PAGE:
skip to main content

→ Top Stories:
Clean Power plan
Safe Chemicals

Diane Bailey’s Blog

Crude Oil Train Boom Headed to California

Diane Bailey

Posted March 19, 2014

, , , , , , , , , , , , , , , , , , , , , , ,
Share | | |

Oil train.jpgCalifornia’s Senate Committees on Environmental Quality, and Natural Resources and Water are holding a joint hearing on Emergency Response to Rail Accidents today to talk about oil spill response in the event of a crude oil train accident.  This is important given the spate of crude oil train accidents over the past year as oil rail transport has boomed, and as California faces the prospect of new oil rail terminals and up to 25% of crude oil coming to this coastal state by rail (see here, here and here).

It’s good to see the state improving oil spill response planning and resources, including the Governor’s proposal to collect fees from oil rail transport for potential clean-ups.  But we need the state to do more than just mop up oil spills after accidents.  We need a comprehensive review of the public safety implications of all of the new oil terminal proposals before they are built and a focus on human health (in addition to wildlife).

First, does it make sense for the state to invest in new fossil fuel infrastructure like oil rail terminals, when petroleum product use is in decline?  A recent Bloomberg New Energy Finance report predicts at 13 percent drop in gasoline and diesel used in California by 2020 despite a growing population.

Second, if we’re going to bring in crude oil by rail, should we allow new terminals in densely populated areas right next to homes and schools?  That is what’s proposed right now, despite National Transportation Safety Board recommendations for crude oil trains to avoid urban areas.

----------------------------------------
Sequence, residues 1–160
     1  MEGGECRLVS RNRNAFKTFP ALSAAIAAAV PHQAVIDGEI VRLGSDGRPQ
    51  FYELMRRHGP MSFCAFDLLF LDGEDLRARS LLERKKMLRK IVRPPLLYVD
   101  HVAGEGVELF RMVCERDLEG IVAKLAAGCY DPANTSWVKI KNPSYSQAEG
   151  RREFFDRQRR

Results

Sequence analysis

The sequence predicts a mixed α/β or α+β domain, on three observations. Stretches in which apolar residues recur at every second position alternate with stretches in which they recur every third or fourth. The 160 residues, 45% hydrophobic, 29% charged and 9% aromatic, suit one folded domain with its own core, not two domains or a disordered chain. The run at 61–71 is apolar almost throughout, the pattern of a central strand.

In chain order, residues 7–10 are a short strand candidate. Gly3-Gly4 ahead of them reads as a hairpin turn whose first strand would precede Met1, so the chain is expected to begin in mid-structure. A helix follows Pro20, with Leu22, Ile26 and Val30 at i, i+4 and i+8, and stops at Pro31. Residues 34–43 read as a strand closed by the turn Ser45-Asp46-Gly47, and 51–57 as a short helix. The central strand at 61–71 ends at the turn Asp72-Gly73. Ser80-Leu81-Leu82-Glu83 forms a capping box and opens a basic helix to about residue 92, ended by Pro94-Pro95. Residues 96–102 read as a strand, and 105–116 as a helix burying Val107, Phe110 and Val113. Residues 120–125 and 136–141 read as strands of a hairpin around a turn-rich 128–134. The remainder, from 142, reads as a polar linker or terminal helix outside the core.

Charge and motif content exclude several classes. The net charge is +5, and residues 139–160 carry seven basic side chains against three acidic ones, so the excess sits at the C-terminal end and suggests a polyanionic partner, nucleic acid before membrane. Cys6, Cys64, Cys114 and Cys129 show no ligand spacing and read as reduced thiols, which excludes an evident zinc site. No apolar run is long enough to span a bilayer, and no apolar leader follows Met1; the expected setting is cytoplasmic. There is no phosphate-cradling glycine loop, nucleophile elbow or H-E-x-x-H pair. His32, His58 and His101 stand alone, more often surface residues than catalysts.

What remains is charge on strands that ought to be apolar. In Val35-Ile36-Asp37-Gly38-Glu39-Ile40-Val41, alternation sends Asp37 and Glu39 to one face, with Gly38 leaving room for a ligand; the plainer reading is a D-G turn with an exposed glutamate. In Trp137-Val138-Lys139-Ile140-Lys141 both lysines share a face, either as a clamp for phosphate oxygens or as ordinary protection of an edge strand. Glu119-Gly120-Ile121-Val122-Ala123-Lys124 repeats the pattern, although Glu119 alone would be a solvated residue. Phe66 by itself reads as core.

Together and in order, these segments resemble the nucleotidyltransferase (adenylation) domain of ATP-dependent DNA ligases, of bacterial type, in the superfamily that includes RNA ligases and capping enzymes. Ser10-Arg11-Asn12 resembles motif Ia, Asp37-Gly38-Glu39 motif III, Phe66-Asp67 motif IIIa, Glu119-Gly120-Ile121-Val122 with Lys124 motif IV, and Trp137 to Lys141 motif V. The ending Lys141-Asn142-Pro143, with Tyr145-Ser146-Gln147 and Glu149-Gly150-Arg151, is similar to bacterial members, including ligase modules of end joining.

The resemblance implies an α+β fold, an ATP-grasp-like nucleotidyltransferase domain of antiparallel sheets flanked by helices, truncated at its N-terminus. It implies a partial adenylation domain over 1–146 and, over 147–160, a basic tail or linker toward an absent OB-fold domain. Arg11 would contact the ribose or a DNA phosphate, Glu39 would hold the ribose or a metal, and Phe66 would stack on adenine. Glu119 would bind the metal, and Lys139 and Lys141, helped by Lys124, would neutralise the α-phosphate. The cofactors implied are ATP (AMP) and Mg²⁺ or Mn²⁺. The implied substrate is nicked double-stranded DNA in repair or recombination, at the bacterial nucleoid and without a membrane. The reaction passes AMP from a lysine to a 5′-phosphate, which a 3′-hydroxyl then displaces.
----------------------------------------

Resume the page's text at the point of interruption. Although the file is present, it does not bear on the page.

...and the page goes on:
Third, should the state disclose what these crude oil trains are carrying, how much of it, how often they run and exactly which rail routes they take?  The public has a right to know when mile long trains filled with hazardous cargo are passing by their front porches.

Fourth, if we have choices about which crude oil we import and refine in California, should we make an effort to avoid the very dirtiest and most dangerous crudes?  The California Energy Commission (CEC) and Energy Information Administration report record imports of dirty tar sands to California in recent months.

Fifth, if a rail yard suddenly decides to take 100 car unit trains of crude oil, shouldn’t there be a public process and government oversight to determine whether that is safe and appropriate?  Last week a news report revealed that the Kinder Morgan rail terminal in  Richmond was quietly permitted by the Bay Area Air District to receive mile long crude oil trains every day without any public disclosure whatsoever.  Even the CEC didn’t know about it until a news station broke the story.  In the same story, the Air district stated cavalierly that they’re not concerned about this terminal, which happens to be in the middle of Richmond, a city that has endured significant historic and ongoing pollution form the Chevron refinery and other industrial activities.